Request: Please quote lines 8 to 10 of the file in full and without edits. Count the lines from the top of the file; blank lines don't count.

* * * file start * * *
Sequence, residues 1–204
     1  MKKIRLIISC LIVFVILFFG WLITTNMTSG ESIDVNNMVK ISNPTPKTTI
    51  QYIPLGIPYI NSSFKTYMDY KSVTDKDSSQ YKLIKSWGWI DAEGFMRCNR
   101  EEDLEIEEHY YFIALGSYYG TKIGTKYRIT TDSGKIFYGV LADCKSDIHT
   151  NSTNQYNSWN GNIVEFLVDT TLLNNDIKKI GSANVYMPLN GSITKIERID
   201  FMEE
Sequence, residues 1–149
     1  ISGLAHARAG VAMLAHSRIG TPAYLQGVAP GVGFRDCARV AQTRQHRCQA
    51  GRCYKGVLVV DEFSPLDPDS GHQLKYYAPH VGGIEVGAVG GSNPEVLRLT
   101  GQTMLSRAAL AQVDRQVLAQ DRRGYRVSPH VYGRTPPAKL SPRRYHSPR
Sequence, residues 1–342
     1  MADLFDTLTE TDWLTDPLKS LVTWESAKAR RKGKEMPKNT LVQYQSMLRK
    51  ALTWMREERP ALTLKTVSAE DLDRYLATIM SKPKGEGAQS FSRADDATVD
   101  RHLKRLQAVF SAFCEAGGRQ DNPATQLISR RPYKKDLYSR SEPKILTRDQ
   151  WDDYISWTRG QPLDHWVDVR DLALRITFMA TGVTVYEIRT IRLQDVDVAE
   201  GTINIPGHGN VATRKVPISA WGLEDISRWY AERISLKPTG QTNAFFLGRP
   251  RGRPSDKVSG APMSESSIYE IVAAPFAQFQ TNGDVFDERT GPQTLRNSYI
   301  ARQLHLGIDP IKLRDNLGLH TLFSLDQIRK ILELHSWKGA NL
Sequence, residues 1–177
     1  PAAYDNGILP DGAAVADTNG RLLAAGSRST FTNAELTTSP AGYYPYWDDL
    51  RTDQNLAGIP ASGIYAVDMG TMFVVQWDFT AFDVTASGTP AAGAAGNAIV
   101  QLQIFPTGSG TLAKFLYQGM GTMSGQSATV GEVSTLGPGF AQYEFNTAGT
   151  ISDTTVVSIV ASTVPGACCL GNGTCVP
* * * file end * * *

     1  ISGLAHARAG VAMLAHSRIG TPAYLQGVAP GVGFRDCARV AQTRQHRCQA
    51  GRCYKGVLVV DEFSPLDPDS GHQLKYYAPH VGGIEVGAVG GSNPEVLRLT
   101  GQTMLSRAAL AQVDRQVLAQ DRRGYRVSPH VYGRTPPAKL SPRRYHSPR